All My Facebook Friends
“I know who I WAS when I got up this morning, but I think I must have been changed several times since then.”
I love Facebook. It’s totally fun gagged up takeoff. I don’t know what I used to do before I signed on the dotted line. I think I used to call people on the phone to see how they were doing.
Life and everything must have been horrible before Facebook. It might have been fine, but it’s more of a merry-go-round to know people, hang out with them on-line, and maybe meet them in real life. Whenever I’m away from Facebook for a few hours I feel out of touch.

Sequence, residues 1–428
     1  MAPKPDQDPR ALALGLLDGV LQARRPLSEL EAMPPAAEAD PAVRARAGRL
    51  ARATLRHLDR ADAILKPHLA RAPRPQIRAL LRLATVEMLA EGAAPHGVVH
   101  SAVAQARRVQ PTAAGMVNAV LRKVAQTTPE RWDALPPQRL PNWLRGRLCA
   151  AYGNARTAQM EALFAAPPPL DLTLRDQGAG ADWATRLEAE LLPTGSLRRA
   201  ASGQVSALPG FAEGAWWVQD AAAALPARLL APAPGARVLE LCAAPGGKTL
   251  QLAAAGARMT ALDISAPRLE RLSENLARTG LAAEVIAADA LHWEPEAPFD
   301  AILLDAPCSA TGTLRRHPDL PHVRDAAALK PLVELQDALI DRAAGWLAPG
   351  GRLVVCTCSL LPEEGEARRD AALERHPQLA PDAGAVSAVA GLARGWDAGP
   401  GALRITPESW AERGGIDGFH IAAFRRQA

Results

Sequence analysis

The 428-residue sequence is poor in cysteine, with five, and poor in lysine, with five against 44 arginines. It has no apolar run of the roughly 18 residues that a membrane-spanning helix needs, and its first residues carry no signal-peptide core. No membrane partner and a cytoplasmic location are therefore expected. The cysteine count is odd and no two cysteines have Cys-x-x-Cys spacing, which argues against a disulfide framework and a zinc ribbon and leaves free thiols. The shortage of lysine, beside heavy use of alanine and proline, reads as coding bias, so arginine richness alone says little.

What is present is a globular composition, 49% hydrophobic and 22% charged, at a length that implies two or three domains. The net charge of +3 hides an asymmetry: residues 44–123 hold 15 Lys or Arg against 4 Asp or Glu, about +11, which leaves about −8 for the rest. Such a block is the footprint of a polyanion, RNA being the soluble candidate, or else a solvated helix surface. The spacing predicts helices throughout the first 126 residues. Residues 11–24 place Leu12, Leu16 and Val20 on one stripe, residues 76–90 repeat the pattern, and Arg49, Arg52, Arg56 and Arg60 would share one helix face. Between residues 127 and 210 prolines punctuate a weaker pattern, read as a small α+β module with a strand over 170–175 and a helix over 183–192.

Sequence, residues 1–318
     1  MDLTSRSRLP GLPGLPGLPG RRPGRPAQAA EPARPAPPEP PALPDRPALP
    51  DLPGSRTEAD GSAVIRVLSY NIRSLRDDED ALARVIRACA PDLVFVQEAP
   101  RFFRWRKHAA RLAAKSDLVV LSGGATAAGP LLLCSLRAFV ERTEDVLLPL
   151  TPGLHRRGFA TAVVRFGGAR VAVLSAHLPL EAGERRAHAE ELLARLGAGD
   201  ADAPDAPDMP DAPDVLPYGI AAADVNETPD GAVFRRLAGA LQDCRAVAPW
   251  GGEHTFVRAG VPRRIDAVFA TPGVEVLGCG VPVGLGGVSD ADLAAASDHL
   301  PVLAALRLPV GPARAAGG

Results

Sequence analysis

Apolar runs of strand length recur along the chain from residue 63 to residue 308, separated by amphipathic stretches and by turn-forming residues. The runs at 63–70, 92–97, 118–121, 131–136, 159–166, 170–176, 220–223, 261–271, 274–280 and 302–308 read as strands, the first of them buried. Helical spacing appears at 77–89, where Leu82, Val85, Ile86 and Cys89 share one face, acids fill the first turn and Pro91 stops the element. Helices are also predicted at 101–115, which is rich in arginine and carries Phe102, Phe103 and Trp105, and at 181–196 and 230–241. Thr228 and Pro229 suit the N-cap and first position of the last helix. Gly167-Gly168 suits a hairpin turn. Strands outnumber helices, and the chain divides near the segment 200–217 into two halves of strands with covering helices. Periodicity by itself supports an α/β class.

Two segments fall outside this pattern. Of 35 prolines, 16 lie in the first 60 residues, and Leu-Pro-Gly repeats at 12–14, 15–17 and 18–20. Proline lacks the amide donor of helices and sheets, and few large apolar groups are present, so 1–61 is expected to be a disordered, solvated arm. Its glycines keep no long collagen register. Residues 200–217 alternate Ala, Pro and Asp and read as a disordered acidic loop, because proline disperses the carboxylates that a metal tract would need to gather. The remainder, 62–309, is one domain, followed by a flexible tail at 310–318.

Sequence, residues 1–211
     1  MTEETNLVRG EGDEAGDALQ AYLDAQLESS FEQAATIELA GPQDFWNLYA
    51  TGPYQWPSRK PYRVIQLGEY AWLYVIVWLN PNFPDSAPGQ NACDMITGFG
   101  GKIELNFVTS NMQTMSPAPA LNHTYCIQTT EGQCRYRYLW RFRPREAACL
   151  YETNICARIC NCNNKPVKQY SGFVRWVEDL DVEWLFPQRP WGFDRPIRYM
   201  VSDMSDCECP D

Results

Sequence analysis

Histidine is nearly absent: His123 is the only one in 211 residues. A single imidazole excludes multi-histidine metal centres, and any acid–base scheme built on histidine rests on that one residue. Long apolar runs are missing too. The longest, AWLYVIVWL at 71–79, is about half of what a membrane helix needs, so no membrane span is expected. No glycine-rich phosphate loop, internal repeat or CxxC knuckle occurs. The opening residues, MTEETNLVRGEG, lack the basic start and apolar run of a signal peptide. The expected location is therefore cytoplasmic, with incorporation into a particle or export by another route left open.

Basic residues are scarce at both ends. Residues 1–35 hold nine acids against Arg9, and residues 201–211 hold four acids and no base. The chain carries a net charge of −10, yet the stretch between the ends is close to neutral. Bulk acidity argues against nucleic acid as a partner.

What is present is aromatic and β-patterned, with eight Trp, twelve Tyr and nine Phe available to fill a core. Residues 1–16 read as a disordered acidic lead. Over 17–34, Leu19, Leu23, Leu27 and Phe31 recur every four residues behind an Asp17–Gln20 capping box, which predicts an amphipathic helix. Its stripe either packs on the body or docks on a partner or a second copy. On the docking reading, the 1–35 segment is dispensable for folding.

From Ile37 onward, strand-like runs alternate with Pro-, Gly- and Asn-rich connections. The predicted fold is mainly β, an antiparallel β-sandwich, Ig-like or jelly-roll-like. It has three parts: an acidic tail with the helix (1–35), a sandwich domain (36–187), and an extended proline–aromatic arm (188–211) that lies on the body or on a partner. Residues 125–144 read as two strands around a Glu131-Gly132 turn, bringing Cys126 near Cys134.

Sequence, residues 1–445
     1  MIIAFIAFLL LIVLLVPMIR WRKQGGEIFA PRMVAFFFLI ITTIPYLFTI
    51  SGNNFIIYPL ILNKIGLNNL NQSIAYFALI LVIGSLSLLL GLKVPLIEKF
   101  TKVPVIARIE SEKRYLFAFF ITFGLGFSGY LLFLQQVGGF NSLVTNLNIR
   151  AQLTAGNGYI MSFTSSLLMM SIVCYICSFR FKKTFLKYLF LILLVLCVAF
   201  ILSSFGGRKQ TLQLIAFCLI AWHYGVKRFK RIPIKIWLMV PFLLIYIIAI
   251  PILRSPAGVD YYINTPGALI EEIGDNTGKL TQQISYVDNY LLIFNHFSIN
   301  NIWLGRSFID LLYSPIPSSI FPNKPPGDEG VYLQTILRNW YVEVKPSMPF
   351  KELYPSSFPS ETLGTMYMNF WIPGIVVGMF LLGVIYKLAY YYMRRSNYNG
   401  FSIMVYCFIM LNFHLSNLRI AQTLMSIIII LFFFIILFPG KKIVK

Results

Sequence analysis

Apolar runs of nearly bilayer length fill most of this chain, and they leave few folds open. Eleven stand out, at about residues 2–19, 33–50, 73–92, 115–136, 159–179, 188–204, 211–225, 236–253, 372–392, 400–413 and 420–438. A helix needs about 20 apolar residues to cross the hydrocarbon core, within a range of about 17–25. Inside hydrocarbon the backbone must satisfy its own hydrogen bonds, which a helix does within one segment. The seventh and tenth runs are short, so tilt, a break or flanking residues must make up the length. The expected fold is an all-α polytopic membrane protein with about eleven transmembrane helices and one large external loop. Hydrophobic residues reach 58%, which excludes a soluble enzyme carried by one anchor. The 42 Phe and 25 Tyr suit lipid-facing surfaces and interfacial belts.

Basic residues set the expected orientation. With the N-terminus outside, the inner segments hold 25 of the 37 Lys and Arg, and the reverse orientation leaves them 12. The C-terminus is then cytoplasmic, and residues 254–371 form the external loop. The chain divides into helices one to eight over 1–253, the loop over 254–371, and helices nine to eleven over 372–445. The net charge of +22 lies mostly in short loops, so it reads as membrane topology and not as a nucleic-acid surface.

You can literally put your thoughts about anything on it, especially funny things, and then your friends can comment on it. They can like it, too, which they always do. I do that whenever I see what they post. I’m always on Facebook. I may not be on it excessively, like some guys, but I check it all the time.
I’m a fast typist since I play video games. I’m much faster than most people. Almost everybody I know pecks. It only took me two weeks in a computer class to learn how to type without even looking. It just came to me. Almost nobody is as fast as I am.
I posted Mexican Coca-Cola Chex Party Mix Breakfast of Maniacs, and thirteen people liked it. They didn’t say anything about it. They just liked it. I post weird stuff, like best night of my life, and eleven people liked it. That’s all I said on my post.
BEST NIGHT OF MY LIFE!
I post a butt load of funny stuff. I posted “poking ‘dem ladies at the mixer” hash tag #13 and fourteen people liked it.